Wyden Statement on Sgt. Henry Johnson Medal of Honor
Washington, D.C. – Sen. Ron Wyden, D-Ore., today issued the following statement after the announcement that Sgt. Henry Johnson would posthumously receive the Medal of Honor:
“I am thrilled that Sergeant Johnson has finally received his long overdue Medal of Honor for his heroism in World War I. This award at long last pays proper tribute to a true American hero who served our country so bravely despite the prejudice he and countless others endured at the time in the military as well as at home. His truly distinguished himself and this honor could not be any more well-deserved."
The administration announced that President Obama will award the Medal of Honor posthumously to Sergeant (then Private) Henry Johnson and present the honor to a representative from the New York National Guard on June 2.
For more than 90 years, Sgt. Henry Lincoln Johnson – an African American World War I hero serving in an all-black unit under French Command – was denied the Medal of Honor for single-handedly fighting off a German raiding party and saving the life of a fellow soldier. His actions earned him the French equivalent of the Medal of Honor in 1918. Wyden has long urged the Department of Defense to reevaluate Sgt. Johnson’s case for the Medal of Honor in light of new primary source material documenting Johnson’s heroics.
Wyden and Sen. Jeff Merkley (D-Ore.) joined with U.S. Senator Charles Schumer (D-NY) in advocating for the Medal of Honor after learning about the issue from Portland City Commissioner Nick Fish, whose grandfather, Hamilton Fish, served as an officer in the 396th Infantry, under which Johnson served.
In the early morning hours of 15 May, 1918, Sgt. Johnson, a 21-year-old member of the all black 369th Infantry unit known as the “Harlem Hellfighters” was serving as a sentry with another member of his unit forward of the French lines. Due to the inherent racism of the time, black soldiers were not allowed to serve in combat positions with white American units. The Harlem Hellfighters were therefore put under the command of the French military. That evening, a German raiding party of more than 20 soldiers attempted a surprise attack on the unit, severely injuring both Johnson and his companion. Johnson single-handedly thwarted the enemy attack -- suffering severe shrapnel, bullet and more than 20 knife wounds -- and ultimately protected his unit, killing several enemy soldiers, some in hand-to-hand combat.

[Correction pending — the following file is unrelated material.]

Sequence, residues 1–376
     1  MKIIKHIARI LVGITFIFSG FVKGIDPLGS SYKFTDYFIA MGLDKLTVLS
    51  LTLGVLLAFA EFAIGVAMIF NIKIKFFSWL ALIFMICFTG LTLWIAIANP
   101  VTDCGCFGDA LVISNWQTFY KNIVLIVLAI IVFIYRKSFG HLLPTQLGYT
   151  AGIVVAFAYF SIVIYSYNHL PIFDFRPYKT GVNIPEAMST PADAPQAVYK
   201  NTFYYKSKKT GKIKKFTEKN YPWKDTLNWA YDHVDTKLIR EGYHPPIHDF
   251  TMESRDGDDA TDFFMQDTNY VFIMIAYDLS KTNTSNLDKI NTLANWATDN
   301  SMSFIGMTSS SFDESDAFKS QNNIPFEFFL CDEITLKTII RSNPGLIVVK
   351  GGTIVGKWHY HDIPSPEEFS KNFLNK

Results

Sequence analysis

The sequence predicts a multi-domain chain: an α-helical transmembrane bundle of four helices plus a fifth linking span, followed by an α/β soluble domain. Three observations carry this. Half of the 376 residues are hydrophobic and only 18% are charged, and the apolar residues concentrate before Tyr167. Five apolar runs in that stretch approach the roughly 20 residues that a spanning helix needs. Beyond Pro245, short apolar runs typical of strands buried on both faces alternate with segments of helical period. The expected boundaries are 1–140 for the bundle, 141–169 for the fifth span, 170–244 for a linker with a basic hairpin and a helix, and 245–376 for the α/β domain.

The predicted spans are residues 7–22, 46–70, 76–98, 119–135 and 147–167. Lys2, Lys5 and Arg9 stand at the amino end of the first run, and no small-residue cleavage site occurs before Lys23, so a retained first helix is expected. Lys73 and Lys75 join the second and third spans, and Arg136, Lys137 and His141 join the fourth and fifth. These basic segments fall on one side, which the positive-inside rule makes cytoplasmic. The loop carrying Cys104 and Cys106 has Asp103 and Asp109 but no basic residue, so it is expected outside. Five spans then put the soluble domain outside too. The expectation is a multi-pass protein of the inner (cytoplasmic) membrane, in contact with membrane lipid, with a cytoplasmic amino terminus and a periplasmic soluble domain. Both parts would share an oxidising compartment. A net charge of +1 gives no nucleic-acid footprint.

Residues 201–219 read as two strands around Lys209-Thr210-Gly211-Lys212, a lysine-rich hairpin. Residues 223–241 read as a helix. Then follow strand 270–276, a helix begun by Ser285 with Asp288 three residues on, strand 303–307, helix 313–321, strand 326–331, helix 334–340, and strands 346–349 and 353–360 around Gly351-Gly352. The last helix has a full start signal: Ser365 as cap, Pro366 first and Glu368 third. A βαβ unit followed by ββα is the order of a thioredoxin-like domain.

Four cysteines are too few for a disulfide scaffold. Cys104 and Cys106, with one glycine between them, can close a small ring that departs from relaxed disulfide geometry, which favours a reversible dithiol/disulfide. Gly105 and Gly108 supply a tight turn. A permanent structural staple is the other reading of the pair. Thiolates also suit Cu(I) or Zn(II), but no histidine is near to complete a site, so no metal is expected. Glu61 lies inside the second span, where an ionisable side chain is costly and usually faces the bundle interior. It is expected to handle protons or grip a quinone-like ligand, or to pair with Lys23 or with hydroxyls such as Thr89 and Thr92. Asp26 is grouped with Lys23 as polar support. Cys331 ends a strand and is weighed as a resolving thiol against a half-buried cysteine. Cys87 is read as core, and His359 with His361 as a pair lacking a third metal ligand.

For his valor, Johnson was immediately awarded the French Croix de Guerre Avec Palme – the highest award for valor the French can bestow. He was the first American to be awarded this honor. However, due to his race, he would not receive so much as a Purple Heart from the U.S. military for more than 75 years. Since Johnson’s unit was under French command, the U.S. military has claimed for more than nine decades that there were not enough credible U.S. sources to corroborate the story, despite there being enough credible French sources for the French military to award their highest honor to a foreign soldier.
One piece of evidence that likely influenced the French award was a German inventory notebook possessed by the German leader of the patrol who had been captured several days after Johnson’s battle. This notebook listed the number of personnel used in the attack and the losses in both equipment and soldiers they sustained. Unfortunately, this notebook has been lost but is cited in a 1929 book by Theodore Roosevelt, Jr. documenting the heroics of five World War I heroes.
After the war, Johnson was contracted for a series of private speaking engagements about his experience during the war. He was allowed, as are many discharged servicemembers, to wear his uniform at the events. During a speech in St. Louis, Johnson bemoaned the treatment of black soldiers during the war which led army officers to request that he not be allowed to wear his uniform in public. Johnson died in 1929.
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